Tokenization is the process in which you replace sensitive data such as a credit card number with a non-sensitive equivalent known as a token, and real estate tokenization refers to creating tokens on the blockchain and assigning them to real estate properties that already exist or are currently under construction. Tokens may represent an interest in real estate but can also raise capital for development investments.
If you are new to the tokenization process, you will understandably have a lot of questions about how it works and what you can do. You will want to make sure you are working with an experienced Silicon Valley blockchain attorney at Structure Law Group, LLP, who can guide you through the entire process and help you achieve the results you desire.
Real Estate Problems Tokenization Can Solve
Because tokenization can be very flexible in its usability, a token may represent ownership in real estate in several ways. An overall kind of real estate using tokenization may vary just the same as traditional real estate investing, but tokenization allows for very little third-party input over any investors.
Because physical assets back the tokens, the value of tokens can fluctuate depending on the performance of an asset. What follows are some of the potential problems that tokenization can help solve.
Real Estate Liquidity
The liquidity of assets is one of the major issues with investing and selling real estate. Several parties may be involved in the normal course of a transaction, especially concerning the legal transfer of an asset. Tokenization can mitigate issues in specific situations, simplifying transactions in the real estate space. Instead of a typical transfer of the ownership process that occurs when selling a share of ownership in a real estate investment, tokenization may cut out a middleman and allow the transfer of ownership directly from an investor to another investor.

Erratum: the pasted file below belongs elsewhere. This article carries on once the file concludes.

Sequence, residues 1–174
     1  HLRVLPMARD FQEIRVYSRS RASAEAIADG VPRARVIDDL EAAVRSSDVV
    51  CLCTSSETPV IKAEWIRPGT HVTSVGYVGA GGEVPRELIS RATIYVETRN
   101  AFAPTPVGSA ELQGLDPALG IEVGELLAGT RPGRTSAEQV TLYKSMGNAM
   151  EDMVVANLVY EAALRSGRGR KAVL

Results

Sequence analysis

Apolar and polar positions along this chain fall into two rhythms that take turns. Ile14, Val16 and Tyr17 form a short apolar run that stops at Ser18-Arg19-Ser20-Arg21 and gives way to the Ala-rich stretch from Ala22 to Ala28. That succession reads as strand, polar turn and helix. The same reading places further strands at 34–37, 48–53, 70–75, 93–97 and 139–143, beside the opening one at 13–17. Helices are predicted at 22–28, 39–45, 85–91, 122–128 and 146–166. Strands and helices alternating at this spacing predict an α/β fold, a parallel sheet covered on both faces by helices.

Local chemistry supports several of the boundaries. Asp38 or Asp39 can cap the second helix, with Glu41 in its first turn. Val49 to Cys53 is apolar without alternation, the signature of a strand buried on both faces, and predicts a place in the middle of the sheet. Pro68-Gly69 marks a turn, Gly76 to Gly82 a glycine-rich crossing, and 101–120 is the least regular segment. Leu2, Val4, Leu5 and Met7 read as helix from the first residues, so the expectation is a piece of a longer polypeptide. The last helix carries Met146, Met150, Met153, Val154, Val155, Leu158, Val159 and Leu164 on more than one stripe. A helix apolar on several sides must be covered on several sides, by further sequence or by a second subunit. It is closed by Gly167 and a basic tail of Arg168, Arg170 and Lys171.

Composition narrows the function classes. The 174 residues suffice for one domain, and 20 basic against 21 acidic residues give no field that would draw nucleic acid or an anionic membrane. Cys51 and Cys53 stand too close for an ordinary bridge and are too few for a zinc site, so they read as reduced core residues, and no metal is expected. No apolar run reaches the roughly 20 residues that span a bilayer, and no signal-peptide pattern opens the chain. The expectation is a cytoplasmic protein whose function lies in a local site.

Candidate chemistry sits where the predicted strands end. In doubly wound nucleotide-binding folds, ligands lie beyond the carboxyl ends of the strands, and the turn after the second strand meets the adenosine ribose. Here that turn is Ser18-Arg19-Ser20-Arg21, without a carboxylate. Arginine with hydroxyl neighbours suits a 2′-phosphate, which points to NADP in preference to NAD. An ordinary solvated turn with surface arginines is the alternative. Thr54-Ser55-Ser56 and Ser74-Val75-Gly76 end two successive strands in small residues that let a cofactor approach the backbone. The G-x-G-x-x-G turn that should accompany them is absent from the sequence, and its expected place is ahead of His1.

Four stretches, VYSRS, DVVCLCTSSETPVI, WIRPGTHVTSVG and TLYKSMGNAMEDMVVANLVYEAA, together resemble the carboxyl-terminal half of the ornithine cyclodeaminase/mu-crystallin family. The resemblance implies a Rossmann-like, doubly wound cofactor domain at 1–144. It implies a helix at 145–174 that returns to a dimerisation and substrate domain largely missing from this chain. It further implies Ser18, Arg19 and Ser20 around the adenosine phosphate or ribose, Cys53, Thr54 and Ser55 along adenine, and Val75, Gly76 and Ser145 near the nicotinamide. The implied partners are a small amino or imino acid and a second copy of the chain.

Many marketplaces list assets that are available for sale, but tokenization of assets means there will be a listing of all in a single centralized marketplace. Doing so will make an investor’s job easier by allowing searches for potential investments to occur in a single location. Investors will gain access to search for investments in other geographical areas and also allow sellers to get access to a larger pool of possible buyers.
Proof of Ownership
Whereas display of legal ownership is often through legal documents showing the sale of assets and the ownership rights of new investors, tokenization will utilize a distributed ledger system the same as cryptocurrencies. A distributed ledger will be a database that multiple people consensually share, synchronize, and access across multiple sites. Reflecting and copying changes or additions to the ledger to all participants happens within seconds. Every transaction will be sent and validated by the network making up the marketplace.
Easier Entry Barrier
Tokenization divides assets into smaller amounts of ownership. Just the same as bitcoin, the division of real estate tokens can make the barrier of entry to smaller investors far easier to overcome. Because transactions take place in a virtual environment, it is further easier to begin investing in real estate. Instead of needing legal documents to transfer ownership, a person who has little to no experience can easily make a purchase online.
Transparency and Market Security Improve
A distributed ledger system will not only help mitigate issues with proof of ownership but also helps improve overall transparency and security in the real estate market. Because every transaction will be processed and approved by other users in a marketplace, every transaction is transparent to the public. The security of the market will also have the backing of blockchain technology.
Transaction Costs Decrease